In my yard, between the washing line and the garden shed, we have a lemon tree. It’s an ugly lemon tree. There are no big strong branches, just about a billion skinny shoots all craning for the sky. Leaves are inexplicably missing from the top, but overabundant as an angry mess in the centre. Lemons grow straight off the trunk. Like moles.
Prune it, you say? I dare you to. It’s medusa-like. Cut one branch and six sprout in its place. And then there’s the thorns, sharpened in the depths of hell to penetrate the toughest of gloves. It will not be tamed.
This lemon tree embodies everything that disappointed me about our garden when we first moved here. Sure, it was comforting in an ‘old world’ kind of way. It was my grandmother’s garden. Camelias. Hydrangeas. Oleander. Gardenia. Salvias. All the classics. Great for pretending that you’re still in England, but as far as I was concerned, not great for biodiversity. There was not a single native plant in sight! It had none of the wildness required to attract the wildlife I so longed to see.
In what I can only assume to be an act of spite, my ugly lemon tree proved me wrong.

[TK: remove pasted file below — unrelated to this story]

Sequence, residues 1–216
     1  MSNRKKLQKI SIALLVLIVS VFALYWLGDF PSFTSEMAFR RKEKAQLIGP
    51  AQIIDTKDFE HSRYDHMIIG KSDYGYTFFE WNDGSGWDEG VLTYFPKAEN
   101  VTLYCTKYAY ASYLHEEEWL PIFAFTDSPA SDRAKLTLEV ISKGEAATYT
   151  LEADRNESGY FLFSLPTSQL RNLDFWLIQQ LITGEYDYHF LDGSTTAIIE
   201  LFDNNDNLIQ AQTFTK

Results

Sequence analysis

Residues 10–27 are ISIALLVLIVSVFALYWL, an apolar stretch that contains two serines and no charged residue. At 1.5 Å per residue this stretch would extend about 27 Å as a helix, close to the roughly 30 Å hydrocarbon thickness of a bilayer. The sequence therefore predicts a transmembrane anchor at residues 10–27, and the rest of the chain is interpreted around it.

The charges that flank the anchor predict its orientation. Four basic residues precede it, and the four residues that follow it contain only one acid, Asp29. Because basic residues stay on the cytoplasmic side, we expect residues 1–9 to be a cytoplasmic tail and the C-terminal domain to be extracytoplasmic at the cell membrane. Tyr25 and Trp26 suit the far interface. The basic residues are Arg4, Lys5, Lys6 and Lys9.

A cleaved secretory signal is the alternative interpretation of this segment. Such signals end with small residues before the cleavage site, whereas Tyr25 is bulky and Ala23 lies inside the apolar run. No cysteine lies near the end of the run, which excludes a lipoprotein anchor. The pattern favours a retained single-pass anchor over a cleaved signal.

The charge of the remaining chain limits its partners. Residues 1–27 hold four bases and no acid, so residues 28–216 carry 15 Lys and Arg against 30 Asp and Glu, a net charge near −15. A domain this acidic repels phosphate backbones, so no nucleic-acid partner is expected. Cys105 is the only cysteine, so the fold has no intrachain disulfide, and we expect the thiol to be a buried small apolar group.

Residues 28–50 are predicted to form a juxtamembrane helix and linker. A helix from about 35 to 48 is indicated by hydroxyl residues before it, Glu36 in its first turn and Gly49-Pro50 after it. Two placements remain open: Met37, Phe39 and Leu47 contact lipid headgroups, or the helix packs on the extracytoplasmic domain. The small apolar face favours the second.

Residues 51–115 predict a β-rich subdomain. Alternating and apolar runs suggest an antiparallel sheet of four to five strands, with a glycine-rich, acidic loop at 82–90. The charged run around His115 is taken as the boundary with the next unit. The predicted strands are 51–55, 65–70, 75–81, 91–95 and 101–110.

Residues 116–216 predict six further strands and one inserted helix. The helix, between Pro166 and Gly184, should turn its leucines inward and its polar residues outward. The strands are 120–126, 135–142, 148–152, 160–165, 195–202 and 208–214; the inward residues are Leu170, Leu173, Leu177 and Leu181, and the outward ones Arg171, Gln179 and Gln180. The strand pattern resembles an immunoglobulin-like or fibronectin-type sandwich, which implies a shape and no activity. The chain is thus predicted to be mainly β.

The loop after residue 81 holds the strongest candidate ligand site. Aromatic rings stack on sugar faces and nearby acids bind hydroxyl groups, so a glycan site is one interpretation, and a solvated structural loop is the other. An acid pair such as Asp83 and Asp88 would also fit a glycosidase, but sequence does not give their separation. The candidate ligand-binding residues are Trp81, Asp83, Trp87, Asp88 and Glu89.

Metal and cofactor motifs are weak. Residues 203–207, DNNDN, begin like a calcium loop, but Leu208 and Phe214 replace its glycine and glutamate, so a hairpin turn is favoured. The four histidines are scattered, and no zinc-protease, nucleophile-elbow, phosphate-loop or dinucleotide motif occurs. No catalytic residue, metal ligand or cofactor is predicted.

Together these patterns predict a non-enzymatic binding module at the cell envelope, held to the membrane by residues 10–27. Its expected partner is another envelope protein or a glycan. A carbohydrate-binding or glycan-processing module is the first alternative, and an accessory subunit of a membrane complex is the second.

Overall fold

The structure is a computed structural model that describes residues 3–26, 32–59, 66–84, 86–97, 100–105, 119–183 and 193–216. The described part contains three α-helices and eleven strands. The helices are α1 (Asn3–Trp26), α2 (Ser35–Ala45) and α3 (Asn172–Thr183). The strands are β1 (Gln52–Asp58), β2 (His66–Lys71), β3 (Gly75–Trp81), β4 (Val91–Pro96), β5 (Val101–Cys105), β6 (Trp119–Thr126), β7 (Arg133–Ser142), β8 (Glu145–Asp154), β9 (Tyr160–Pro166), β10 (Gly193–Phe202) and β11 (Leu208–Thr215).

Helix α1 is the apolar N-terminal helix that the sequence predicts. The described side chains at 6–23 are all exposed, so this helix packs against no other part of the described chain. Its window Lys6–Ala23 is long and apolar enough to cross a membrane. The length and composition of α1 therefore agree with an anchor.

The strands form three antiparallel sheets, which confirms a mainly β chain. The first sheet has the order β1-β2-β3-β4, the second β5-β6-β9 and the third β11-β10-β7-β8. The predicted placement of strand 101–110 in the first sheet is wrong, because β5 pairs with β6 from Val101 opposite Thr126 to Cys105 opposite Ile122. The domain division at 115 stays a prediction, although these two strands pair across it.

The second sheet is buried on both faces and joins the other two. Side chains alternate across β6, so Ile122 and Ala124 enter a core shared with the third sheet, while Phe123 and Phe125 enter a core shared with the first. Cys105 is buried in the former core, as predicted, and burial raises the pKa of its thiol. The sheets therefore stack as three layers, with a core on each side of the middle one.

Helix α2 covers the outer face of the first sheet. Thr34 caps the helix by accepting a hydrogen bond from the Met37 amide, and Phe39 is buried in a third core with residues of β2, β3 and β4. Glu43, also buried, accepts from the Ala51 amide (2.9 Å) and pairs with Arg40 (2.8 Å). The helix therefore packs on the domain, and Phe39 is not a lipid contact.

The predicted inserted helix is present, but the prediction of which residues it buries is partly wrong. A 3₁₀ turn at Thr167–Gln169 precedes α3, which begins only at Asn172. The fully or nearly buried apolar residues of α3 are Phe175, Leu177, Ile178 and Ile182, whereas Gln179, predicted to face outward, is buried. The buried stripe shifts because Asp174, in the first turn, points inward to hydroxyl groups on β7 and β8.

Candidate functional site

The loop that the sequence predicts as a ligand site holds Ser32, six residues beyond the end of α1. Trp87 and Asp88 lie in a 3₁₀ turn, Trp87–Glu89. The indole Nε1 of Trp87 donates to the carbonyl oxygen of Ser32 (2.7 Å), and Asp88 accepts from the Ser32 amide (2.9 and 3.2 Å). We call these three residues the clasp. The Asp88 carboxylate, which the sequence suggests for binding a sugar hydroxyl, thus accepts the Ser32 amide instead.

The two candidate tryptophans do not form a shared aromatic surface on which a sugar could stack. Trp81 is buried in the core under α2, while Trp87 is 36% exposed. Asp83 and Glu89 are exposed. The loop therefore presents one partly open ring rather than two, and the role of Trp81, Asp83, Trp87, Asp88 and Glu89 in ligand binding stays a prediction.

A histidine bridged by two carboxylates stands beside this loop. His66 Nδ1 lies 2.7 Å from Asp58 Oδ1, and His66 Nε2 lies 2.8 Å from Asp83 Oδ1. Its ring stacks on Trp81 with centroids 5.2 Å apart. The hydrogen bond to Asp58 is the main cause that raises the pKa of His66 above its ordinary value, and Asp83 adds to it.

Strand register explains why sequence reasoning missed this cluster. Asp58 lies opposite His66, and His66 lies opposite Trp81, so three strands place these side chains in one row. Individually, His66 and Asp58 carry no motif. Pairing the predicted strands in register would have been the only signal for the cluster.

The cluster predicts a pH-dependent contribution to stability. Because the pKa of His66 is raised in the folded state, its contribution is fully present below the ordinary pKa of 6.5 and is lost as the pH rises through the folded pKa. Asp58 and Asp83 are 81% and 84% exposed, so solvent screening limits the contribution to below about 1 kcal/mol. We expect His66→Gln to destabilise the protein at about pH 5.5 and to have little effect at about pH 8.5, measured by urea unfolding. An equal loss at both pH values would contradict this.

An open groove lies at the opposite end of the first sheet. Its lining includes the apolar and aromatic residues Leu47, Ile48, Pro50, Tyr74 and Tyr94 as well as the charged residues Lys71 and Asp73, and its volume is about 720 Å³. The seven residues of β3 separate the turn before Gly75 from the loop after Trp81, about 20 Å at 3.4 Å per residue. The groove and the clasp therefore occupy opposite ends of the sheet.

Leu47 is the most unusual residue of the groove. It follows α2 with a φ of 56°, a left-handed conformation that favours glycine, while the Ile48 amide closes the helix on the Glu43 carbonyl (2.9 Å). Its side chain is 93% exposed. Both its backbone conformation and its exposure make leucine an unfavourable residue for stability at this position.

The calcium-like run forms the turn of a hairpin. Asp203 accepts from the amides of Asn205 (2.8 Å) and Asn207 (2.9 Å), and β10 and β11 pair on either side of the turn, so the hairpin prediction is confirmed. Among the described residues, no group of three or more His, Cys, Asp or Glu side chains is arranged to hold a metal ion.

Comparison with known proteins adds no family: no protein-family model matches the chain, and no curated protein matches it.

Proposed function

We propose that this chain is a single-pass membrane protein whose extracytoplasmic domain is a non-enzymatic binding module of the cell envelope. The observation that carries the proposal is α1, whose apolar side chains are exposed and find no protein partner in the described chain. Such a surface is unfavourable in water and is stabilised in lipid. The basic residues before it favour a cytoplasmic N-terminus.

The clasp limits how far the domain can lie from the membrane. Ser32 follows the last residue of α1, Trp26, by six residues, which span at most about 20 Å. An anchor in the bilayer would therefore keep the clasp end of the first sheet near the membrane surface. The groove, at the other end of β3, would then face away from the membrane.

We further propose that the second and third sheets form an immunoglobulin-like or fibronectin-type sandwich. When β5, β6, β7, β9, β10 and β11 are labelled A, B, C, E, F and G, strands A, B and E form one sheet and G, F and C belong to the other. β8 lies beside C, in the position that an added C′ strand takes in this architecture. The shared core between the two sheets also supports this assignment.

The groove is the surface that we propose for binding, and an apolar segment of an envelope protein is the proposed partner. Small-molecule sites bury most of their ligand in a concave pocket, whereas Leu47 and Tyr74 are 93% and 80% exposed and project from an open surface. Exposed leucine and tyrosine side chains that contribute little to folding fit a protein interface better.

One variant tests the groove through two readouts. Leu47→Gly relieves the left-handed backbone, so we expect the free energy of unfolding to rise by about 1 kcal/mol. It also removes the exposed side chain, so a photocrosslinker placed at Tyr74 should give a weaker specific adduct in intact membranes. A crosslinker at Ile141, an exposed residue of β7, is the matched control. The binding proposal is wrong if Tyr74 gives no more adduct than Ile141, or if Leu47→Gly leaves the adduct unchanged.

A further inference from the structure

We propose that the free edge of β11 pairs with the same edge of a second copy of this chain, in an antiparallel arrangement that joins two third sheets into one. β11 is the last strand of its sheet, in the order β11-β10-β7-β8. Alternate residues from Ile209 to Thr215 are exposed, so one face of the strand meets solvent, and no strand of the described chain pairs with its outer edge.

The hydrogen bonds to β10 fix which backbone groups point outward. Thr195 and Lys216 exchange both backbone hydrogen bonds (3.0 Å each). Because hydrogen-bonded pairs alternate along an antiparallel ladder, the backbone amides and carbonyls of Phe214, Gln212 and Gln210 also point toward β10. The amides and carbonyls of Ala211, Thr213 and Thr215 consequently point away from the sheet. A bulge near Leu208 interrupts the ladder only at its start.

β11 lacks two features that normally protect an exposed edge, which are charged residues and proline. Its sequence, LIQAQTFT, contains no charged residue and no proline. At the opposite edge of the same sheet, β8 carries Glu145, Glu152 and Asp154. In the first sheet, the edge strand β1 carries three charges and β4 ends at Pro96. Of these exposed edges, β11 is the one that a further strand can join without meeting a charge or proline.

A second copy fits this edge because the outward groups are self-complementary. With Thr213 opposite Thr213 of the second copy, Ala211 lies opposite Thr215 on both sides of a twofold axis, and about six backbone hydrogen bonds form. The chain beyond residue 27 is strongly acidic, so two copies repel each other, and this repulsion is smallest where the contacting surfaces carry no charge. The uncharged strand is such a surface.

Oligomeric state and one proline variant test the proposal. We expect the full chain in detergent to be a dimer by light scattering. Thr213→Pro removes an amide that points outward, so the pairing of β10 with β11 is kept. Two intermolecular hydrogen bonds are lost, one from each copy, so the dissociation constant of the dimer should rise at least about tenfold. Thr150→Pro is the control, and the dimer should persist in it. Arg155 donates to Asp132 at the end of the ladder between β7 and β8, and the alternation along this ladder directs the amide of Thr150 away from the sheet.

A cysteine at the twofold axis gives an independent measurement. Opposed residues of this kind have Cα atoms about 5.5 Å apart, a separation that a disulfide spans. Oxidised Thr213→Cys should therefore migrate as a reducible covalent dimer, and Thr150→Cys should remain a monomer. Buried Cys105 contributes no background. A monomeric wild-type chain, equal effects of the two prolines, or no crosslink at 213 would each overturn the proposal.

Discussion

It is a hotbed of native bird diversity. Fairy wrens, Silver Eyes, Spotted Pardalotes, Eastern Spine Bills, Yellow-Rumped Thornbills, and New Holland Honeyeaters. All flock to my lemon tree. In the past year I’ve spotted species I have never seen anywhere before. For example, this, is a Golden Whistler. Look at it. Isn’t it glorious?! I didn’t have to do anything – it came to me. I mistook it for a particularly good looking lemon until it flew away.
What do birds see in my ugly lemon tree that I do not? Some come for the insects. The silvereyes, smaller than the lemons themselves, busily skip about from twig to twig, diligently checking the underside of each leaf for aphids, caterpillars and spiders. The honeyeaters come for the nectar – good both for pollinating the flowers and entertaining me. It’s the most wonderful distraction, watching these amazing birds busy themselves about the gnarled labyrinth of my lemon tree. All I have to do is glance out the window of my study.
Now I’m not for a second suggesting that native gardens aren’t important. Not only do they attract wildlife, but they’re much more suited to the climate, and if you live near parkland there’s less chance of non-natives escaping into the wild. Also, some of our wildlife are more particular than others. Simply switching a bottlebrush for a salvia is not going to cut it.
But there’s no need to despair if your garden doesn’t resemble a pristine bush block. You can, and probably do, have a huge array of wildlife visiting your yard, so keep an eye out! In many cases non-native plants can serve the same function as native ones would. If you want to encourage a diversity of birds, aim for a range of different types of plants. Bushy ones, neat ones, ones that drop big seeds, form hollows and ooze delicious nectar. Animals are resourceful and will find a way enjoy even the ugliest of gardens.